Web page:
But the racial wealth gap has also been frustratingly impervious to gains in measures such as educational achievement and income. At all levels of both income and education, African-American families hold less wealth than comparable white families. The chart below, from a report on myths about the black-white wage gap co-authored by Duke University researcher Sandy Darity, eloquently illustrates this point:

Put simply, the median household wealth of African-American families with a college degree is actually less than the median household wealth of white families with less than a high school education.

How to account for this disparity? Discrimination, of course, plays a role—researchers have authoritatively demonstrated that minority Americans continue to face discrimination in hiring and promotion practices. But there's another, perhaps equally nefarious explanation: In the American economy, wealth begets wealth. That is, wealth is increasingly concentrated in the hands of the few (mostly white families), and then passed down from parents to children. American politicians have historically ignored this fact, choosing instead to focus on factors like income and education, in the hopes that wealth would follow. As a result, the wealth gap only increases.

"Frequently, when people talk about racial economic equality, they're talking about income inequality," says Darity, who has been studying the racial wealth gap for years. "And one of the things I've focused on has been to try to emphasize that wealth is more important than income for a number of reasons and that those disparities are the ones that need to be tackled at least as intensively as income inequality."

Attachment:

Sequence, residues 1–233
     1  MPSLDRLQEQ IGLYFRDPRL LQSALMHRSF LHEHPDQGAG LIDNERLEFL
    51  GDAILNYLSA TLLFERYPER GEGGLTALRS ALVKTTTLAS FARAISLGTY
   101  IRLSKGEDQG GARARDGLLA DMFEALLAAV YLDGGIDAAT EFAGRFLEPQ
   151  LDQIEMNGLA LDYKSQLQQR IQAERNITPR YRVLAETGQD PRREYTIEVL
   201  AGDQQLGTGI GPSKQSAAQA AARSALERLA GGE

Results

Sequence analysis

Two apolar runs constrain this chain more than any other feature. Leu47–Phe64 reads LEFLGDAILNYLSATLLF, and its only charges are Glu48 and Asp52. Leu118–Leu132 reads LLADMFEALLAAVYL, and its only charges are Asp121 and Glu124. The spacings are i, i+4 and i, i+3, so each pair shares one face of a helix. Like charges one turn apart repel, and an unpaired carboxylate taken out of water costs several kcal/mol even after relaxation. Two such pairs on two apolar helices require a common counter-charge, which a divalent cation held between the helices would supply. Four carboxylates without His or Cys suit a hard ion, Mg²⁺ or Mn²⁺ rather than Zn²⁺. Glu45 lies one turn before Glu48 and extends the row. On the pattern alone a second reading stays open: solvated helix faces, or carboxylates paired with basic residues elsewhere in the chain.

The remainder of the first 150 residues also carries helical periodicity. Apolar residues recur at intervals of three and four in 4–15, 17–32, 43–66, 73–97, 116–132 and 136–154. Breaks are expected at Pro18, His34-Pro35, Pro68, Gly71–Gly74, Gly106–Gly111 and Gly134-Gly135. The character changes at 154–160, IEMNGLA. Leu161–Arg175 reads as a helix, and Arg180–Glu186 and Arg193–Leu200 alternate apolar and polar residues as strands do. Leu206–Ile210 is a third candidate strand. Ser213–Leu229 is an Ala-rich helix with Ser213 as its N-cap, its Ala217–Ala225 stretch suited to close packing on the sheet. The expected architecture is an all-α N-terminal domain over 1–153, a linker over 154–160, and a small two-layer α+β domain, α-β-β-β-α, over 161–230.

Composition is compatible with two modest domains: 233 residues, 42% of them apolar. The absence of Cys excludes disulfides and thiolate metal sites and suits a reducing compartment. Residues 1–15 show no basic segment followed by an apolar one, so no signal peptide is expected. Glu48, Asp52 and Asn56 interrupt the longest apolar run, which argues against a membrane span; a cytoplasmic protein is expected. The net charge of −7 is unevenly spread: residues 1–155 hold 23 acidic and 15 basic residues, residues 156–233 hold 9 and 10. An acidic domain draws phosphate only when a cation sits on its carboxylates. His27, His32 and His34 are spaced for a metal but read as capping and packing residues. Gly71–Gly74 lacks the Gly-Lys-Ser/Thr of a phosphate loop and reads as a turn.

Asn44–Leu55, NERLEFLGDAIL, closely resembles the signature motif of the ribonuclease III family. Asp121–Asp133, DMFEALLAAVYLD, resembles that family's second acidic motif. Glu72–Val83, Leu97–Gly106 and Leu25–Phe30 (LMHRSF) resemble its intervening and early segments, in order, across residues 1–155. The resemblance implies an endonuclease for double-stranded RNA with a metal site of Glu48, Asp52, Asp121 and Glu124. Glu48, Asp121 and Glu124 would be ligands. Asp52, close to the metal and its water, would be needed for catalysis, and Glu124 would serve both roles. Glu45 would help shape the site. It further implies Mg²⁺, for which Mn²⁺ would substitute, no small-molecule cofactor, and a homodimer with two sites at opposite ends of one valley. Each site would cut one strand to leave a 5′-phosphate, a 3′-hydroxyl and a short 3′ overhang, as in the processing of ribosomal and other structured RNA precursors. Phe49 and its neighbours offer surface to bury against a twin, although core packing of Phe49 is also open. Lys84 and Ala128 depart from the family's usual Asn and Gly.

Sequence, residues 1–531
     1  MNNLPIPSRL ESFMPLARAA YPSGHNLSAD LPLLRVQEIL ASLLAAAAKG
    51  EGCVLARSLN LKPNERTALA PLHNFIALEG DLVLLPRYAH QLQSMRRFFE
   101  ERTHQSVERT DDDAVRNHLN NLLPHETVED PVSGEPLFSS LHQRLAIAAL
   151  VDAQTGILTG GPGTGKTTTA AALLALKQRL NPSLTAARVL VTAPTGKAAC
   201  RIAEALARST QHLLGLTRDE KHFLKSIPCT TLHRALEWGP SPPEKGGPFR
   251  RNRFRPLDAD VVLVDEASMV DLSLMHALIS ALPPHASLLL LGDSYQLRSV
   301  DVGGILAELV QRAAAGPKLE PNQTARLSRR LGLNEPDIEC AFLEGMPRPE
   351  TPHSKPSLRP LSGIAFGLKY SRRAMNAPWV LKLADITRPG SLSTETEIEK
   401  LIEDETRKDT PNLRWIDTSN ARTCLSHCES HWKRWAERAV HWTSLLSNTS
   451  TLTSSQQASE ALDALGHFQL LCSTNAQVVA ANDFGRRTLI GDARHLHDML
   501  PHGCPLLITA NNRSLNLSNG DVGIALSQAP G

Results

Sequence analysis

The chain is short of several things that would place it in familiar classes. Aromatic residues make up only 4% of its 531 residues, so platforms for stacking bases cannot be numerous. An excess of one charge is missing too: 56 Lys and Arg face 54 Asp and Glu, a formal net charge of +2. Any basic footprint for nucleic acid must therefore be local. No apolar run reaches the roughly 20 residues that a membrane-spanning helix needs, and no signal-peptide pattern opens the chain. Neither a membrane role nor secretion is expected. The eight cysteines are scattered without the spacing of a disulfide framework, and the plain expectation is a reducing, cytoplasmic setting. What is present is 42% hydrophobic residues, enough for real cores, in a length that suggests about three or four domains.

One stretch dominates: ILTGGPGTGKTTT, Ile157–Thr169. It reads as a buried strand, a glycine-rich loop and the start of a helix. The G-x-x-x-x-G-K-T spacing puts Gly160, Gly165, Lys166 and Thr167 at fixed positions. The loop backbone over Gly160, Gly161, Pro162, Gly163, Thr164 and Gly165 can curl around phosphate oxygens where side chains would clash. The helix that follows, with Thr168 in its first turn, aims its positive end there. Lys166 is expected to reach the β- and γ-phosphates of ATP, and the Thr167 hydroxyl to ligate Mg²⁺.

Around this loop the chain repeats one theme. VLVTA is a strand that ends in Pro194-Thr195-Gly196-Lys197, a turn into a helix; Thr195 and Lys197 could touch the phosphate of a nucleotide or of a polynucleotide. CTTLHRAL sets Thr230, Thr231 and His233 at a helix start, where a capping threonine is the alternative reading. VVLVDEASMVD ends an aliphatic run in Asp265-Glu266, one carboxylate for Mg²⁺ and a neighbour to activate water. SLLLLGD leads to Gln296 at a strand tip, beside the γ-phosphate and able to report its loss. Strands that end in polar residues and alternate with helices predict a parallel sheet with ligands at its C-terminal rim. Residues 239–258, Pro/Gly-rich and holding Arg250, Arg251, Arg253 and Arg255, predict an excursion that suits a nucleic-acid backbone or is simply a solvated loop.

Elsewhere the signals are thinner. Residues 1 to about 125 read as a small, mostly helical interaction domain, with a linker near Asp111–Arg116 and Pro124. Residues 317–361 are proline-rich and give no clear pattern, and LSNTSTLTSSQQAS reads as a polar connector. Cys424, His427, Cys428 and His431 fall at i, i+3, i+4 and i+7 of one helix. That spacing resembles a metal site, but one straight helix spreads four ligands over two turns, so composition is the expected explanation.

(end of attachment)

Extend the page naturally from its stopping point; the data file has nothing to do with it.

The IPS report highlights a number of suggestions for tackling those disparities, many of which will be familiar to those who've studied the topic: a baby bonds program, investments in affordable housing, an increase in the minimum wage, Medicare-for-All, a federal jobs guarantee, and so on. Despite the grim numbers in this report, Asante-Muhammad is hopeful that the conversation around racial wealth inequality in this country is shifting, pointing to New Jersey Senator Cory Booker's recent baby bonds proposal and various proposals for a job guarantee.

It's a sentiment echoed by Darity, who has authored several high-profile policy proposals that have made waves in the think tank sphere (and influenced some notable politicians), including proposals for a baby bonds program and a federal jobs guarantee. When he first started getting calls from politicians last year about some of his ideas, he says he was gratified but shocked to see politicians finally paying attention to wealth inequality. The complacency of the Obama years, he thinks, has given way to a new reckoning.

"I think that the shock effect of Trump's presidency ... has led people to acknowledge that these kinds of problems still must be addressed," Darity says. "That has prompted a discussion of some of these issues that had not been taking place before. I think the door is open for considering a set of policies as credible and legitimate that previously would not have been in the conversation at all."